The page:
Third in the system is a pair of gathering blades 38 that capture and gather the loose soil and residue together to create a berm of a mixture of soil and residue. This action fills in the groove left by shank 35 and gives ideal seed-to-soil contact for quick plant germination. As best seen in FIG. 1, blades 38 are comprised of two spaced-apart disc blades 39, 40 angled toward each other to move, or push, material into a berm. The blades are adjustable for depth, angle, and distance between blades to permit the operator to select the size of the berm. The blades may be dull-edge or sharp-edge depending upon how much soil is to be moved. Dull blades tend to ride on top, while sharp blades tend to dig in.
The final apparatus of the system is a rotary reel 42 that conditions the strip of soil to give ideal seed-to-soil contact and uniform berm size, thus promoting early, fast and uniform emergence. Additionally, the rotary reel is available with round or flat bars 43, which control the amount of soil conditioning. Flat bar baskets reduce clod size and fluff, and are normally used in fall conditions. Round bar baskets do more firming, and are normally used in spring conditions. The rotary reels are also adjustable in height and down-pressure to control the amount of berm conditioning the soil receives.
Many conventional elements or accessories known and used under normal circumstances have not be shown or discussed, but certainly would be employed under normal operating or transport conditions. For instance, this machine would normally have a jack stand attached near the forward end thereof to support the tongue when not connected to a tractor. Other items fitting this category are SMV signs, warning lights, locking pins, disk scrapers, shear bolts, and the like.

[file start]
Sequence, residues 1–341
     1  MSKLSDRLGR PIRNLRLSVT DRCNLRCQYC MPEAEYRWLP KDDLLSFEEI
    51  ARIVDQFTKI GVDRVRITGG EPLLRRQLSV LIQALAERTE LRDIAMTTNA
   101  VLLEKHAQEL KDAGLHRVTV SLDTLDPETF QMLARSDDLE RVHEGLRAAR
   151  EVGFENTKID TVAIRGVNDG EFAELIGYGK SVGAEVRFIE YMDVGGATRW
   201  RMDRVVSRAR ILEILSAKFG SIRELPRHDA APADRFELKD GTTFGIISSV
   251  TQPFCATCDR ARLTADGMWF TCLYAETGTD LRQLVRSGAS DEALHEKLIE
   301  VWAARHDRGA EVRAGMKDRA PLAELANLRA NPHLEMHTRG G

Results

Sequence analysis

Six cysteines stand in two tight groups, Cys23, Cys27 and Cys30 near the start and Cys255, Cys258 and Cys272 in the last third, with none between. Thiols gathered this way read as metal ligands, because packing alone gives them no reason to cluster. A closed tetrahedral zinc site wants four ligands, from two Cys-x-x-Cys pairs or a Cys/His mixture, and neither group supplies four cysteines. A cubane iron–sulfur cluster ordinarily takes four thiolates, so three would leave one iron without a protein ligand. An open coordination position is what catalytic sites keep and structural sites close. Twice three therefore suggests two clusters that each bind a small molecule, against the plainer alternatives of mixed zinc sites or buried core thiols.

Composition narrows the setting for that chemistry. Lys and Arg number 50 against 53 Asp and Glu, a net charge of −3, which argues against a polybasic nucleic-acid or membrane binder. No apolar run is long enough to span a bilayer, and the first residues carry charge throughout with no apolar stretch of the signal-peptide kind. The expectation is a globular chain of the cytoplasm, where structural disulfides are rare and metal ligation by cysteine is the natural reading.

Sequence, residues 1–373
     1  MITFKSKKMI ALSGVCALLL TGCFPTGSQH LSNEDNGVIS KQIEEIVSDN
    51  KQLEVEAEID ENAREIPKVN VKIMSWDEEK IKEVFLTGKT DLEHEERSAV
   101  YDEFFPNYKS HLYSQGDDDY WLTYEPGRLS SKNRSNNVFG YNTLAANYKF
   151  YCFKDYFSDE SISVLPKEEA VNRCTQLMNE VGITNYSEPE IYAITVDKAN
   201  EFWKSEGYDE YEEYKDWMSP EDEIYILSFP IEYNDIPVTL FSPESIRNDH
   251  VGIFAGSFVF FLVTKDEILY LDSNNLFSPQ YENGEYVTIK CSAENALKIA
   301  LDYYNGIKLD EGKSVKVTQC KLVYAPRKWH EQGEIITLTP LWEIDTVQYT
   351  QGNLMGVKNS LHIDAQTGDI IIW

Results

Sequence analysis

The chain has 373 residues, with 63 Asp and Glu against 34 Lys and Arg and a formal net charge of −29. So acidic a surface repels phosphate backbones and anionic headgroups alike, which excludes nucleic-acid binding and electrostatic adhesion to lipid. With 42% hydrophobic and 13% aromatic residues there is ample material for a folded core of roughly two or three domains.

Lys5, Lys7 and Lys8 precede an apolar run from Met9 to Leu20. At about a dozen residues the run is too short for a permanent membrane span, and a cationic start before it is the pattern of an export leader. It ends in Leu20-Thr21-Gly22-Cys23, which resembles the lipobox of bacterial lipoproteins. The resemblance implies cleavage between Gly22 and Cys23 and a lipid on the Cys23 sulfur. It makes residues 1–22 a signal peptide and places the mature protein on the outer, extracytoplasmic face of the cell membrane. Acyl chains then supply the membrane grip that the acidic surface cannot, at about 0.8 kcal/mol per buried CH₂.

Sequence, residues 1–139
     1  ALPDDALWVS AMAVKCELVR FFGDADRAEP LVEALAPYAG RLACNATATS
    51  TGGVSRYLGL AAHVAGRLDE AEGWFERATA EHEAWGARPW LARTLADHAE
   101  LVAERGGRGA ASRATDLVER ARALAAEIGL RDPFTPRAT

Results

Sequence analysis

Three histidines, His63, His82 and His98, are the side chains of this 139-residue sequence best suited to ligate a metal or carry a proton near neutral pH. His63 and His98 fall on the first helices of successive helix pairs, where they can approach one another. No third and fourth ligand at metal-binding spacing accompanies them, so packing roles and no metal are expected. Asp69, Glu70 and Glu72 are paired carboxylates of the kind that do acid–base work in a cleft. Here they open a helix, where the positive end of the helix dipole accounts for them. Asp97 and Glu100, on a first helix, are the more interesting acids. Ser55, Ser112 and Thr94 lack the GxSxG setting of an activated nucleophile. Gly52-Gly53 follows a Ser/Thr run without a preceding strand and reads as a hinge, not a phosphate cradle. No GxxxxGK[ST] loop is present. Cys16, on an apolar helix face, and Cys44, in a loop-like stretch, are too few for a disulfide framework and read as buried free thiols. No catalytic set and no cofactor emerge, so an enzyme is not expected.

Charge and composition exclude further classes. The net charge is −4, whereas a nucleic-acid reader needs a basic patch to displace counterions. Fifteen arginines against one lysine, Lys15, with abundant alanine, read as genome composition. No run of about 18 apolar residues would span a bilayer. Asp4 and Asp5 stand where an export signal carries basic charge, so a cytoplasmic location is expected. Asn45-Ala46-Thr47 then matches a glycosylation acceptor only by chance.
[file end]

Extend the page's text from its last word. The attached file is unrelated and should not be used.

It will be understood that changes in the details, materials, steps and arrangements of parts which have been described and illustrated to explain the nature of the invention will occur to and may be made by those skilled in the art upon a reading of this disclosure within the principles and scope of the invention. The foregoing description illustrates the preferred embodiment of the invention; however, concepts, as based upon the description, may be employed in other embodiments without departing from the scope of the inventions. For instance, as on of skill in this technology will readily understand, the turnbuckles shown and described may be replaced with hydraulic cylinders, operated and connected in a conventional manner, depending upon working conditions and operator preferences. Accordingly, the following claims are intended to protect the invention broadly as well as in the specific form shown.
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|U.S. Classification||172/701, 172/176, 172/146|
|International Classification||A01B13/08, E02F5/32, A01B49/02|
|Cooperative Classification||A01B13/08, A01B49/027, E02F5/32|
|European Classification||E02F5/32, A01B13/08, A01B49/02R|
|Jan 10, 2003||AS||Assignment|
Owner name: CASE, LLC, WISCONSIN
Free format text: ASSIGNMENT OF ASSIGNORS INTEREST;ASSIGNORS:KOVACH, MICHAEL G.;GERBER, RICKEY L.;REEL/FRAME:013658/0575
Effective date: 20030106
|Aug 5, 2004||AS||Assignment|
Owner name: CNH AMERICA LLC, PENNSYLVANIA
Free format text: ASSIGNMENT OF ASSIGNORS INTEREST;ASSIGNOR:CASE LLC;REEL/FRAME:015044/0511
Effective date: 20040805
|Jun 7, 2006||AS||Assignment|
Owner name: BLUE LEAF I.P., INC., DELAWARE
Free format text: ASSIGNMENT OF ASSIGNORS INTEREST;ASSIGNOR:CNH AMERICA LLC;REEL/FRAME:017766/0484
Effective date: 20060606
Owner name: CNH AMERICA LLC, PENNSYLVANIA
Free format text: ASSIGNMENT OF ASSIGNORS INTEREST;ASSIGNOR:CNH AMERICA LLC;REEL/FRAME:017766/0484
Effective date: 20060606
|May 1, 2007||FPAY||Fee payment|
Year of fee payment: 4
|May 21, 2011||FPAY||Fee payment|
Year of fee payment: 8
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Year of fee payment: 12